An NSAID for Schizophrenia?
Adjunctive celecoxib (Celebrex) may be beneficial for treating schizophrenia.
Psychotropics and Fracture Risk
Patients (especially elderly ones) taking psychiatric medications are at increased risk for fractures.
Riluzole Augmentation for Depression
Preliminary evidence suggests riluzole (Rilutek) may be helpful in treating mood and anxiety disorders.
CBT Beats Zopiclone for Insomnia in Elderly
Cognitive behavioral therapy (CBT) was superior to zopiclone (Ambien) for chronic primary insomnia.
Alternative Medicines Are Commonly Used
Surveys show alternative medicines used by more than half of US population.
Hyponatremia with Antidepressants
Hyponatremia reported in patients treated with escitalopram (Lexapro) or duloxetine (Cymbalta).
Dosing Strategies for Risperidone Long-Acting Injection; Deaths Associated with Methadone Treatment for Pain
Prolactin Levels and Associated Side Effects with Risperidone
Initial elevation of prolactin levels with risperidone (Risperdal) returns to normal with long-term treatment.
Mifepristone for Psychotic Depression?
Treatment with mifepristone (Mifeprex) improves psychosis but not depression in patients with psychotic depression.
rTMS: Inferior to ECT?
Repetitive transcranial magnetic stimulation (rTMS) is not as efficacious as electroconvulsive therapy (ECT) in patients referred for ECT.
CBT Beats Zopiclone for Insomnia in Elderly
Complaints about poor sleep occur in 9% to 25% of people 55 years and older.1 Insomnia has been associated with reduced quality of life and increased health services utilization. Many sufferers turn to over-the-counter medications or alcohol. Primary care physicians tend to prescribe hypnotic drugs or sedating antidepressants (BTP 2005;28:48-50). These medications are limited in efficacy and raise safety issues, particularly for elderly people (BTP 2005;28:33). An increase in the use of zolpidem (Ambien) in the United States was associated with next-day sleepiness and traffic accidents.2 A National Institutes of Health consensus panel concluded that antidepressants are overprescribed for insomnia while psychosocial approaches, such as cognitive behavioral therapy (CBT), should be prescribed more often.3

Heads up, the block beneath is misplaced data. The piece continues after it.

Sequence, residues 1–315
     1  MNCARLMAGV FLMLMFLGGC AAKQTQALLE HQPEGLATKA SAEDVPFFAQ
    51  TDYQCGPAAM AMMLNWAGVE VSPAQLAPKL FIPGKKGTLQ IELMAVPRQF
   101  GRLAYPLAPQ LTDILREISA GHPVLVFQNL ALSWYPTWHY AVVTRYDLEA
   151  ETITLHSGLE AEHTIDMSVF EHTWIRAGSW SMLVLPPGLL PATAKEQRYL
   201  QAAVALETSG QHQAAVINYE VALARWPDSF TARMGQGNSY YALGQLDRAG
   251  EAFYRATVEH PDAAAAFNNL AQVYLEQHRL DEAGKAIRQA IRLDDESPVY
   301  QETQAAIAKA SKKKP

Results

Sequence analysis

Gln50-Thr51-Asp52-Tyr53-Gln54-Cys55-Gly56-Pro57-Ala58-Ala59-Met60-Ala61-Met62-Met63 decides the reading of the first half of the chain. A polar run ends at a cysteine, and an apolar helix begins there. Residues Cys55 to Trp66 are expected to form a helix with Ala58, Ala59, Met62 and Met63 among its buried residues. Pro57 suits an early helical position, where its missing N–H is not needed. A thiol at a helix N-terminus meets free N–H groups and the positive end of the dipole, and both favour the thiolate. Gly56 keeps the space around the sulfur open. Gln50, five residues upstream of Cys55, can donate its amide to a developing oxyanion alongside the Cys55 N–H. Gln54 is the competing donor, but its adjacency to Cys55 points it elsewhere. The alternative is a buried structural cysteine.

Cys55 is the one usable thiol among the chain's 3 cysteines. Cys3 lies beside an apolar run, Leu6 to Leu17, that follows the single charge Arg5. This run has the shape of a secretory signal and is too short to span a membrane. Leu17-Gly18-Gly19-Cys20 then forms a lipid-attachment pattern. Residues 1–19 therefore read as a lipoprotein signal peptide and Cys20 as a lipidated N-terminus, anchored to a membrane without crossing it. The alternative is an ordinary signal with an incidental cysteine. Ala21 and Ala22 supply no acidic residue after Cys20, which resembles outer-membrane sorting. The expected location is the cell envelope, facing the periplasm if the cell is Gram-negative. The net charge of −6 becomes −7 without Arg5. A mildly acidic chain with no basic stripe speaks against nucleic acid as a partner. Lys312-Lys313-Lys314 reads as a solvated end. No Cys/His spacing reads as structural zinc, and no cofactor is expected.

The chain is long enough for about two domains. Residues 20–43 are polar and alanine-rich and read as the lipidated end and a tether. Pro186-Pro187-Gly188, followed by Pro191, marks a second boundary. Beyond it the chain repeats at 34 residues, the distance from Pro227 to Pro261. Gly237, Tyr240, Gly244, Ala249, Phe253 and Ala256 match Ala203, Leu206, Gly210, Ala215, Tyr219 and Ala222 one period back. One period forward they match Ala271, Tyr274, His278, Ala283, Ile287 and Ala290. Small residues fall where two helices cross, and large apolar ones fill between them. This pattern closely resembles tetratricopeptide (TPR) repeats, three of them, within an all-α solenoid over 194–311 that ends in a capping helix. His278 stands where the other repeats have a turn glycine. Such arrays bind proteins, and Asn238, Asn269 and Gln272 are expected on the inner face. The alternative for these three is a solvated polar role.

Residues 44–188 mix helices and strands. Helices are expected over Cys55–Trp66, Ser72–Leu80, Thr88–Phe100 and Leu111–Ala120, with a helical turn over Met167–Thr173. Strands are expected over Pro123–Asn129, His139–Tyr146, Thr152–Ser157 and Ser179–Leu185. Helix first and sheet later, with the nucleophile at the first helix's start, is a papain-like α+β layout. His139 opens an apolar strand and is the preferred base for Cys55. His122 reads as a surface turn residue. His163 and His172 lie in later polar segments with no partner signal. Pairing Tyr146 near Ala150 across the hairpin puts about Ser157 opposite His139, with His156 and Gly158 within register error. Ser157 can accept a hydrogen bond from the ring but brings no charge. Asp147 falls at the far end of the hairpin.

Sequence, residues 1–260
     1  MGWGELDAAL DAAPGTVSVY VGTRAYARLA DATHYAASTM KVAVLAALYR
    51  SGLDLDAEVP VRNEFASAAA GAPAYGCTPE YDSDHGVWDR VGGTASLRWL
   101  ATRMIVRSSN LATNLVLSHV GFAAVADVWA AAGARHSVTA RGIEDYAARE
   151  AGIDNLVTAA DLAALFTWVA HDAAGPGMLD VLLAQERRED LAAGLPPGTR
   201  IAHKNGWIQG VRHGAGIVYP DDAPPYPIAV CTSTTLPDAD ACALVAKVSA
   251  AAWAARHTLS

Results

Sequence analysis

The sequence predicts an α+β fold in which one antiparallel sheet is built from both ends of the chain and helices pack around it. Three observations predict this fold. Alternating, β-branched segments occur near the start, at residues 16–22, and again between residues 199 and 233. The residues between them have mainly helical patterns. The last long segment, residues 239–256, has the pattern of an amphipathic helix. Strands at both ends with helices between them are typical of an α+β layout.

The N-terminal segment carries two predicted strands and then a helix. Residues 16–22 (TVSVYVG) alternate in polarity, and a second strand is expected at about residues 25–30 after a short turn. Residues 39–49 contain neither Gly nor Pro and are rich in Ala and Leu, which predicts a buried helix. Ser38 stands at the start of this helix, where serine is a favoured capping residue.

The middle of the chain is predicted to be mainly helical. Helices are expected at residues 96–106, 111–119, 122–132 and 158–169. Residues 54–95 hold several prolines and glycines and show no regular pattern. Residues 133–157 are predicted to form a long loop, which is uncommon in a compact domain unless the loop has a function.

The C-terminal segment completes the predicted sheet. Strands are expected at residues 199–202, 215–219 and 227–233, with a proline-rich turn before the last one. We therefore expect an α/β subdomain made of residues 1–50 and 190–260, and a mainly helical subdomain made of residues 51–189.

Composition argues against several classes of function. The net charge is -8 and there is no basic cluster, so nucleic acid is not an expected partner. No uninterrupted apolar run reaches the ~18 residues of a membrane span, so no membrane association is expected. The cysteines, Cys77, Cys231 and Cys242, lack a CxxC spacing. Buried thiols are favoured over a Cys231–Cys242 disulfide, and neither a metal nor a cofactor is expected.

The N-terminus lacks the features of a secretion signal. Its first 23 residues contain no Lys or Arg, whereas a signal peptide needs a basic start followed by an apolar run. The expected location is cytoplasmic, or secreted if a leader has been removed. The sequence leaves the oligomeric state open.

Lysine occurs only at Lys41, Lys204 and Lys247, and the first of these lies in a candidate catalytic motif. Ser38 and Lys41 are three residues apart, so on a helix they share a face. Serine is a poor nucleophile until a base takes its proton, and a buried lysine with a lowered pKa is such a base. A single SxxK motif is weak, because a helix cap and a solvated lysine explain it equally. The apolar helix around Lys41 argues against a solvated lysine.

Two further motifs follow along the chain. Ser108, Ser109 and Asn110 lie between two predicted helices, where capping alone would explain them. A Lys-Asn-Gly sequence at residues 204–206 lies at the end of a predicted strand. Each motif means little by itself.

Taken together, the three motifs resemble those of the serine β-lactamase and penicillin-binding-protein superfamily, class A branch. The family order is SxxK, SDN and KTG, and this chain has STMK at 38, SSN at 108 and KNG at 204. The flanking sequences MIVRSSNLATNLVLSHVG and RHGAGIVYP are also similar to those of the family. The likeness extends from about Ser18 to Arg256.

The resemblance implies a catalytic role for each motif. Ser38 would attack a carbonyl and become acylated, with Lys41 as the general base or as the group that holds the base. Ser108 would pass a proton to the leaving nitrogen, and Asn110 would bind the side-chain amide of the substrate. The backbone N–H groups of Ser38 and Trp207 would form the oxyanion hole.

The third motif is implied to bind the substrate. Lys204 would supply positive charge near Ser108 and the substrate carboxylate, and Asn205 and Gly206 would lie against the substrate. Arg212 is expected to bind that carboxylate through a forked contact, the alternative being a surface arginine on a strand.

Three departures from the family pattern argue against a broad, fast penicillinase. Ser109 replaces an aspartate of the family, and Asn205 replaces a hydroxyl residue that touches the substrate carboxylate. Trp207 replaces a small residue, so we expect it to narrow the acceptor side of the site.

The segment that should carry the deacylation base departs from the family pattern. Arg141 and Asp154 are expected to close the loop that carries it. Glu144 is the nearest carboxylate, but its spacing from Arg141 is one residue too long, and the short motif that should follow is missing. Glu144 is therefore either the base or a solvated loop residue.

Sivertsen and coworkers in Norway compared CBT and the hypnotic zopiclone* to treat chronic primary insomnia in older adults.1 Subjects were 22 women and 24 men at least 55 years old (mean age, 60.8 ± 5.4 years). The mean duration of primary insomnia was 14.1 ± 11.3 years. In double-blind fashion, subjects were randomly assigned to either CBT; zopiclone, 7.5 mg nightly; or placebo. Treatment lasted for 6 weeks, and patients who took one of the two active treatments were followed up at 6 months.
Patients receiving CBT spent significantly less time awake (P < .001) than those who took zopiclone after 6 weeks of treatment. The total wake time was reduced by 52% in the CBT group versus 4% with zopiclone. CBT showed a trend for superiority in sleep efficiency as well, and patients receiving CBT had significantly more slow wave sleep (stages 3 and 4) (P = .002) than those who took zopiclone. At 6 months follow-up, total sleep time had increased significantly in the CBT group (P = 0.5), with no change in the zopiclone group.
Data from this and earlier studies suggest that CBT for chronic primary insomnia should become more widely available. It seems to be safe and effective and to have long-term benefits, in contrast with hypnotic medications. As we have noted previously, the quantitative benefits of hypnotic medications tend to be modest, and they carry adverse effects, especially in the elderly. Whenever possible, then, a nonpharmacologic approach, such as CBT, should be offered first for patients with chronic primary insomnia, with "sleeping pills" reserved as a second-line option.
*Racemic zopiclone is not available in the United States. However, the stereoisoform, eszopiclone, is now available as Lunesta.
1Sivertsen B, Omvik S, Pallesen S, Bjorvatn B, Havik OE, Kvale G, Nielsen GH, Nordhus IH: Cognitive behavioral therapy vs zopiclone for treatment of chronic primary insomnia in older adults: A randomized controlled trial. JAMA 2006;295:2851-2858.
2Stuever H: Snooze alarm: The pill that drove us to sleep. Washington Post May 6, 2006:C01.
3Lamberg L: Physicians underprescribe best insomnia treatments. Psychiatr News 2005;40:30.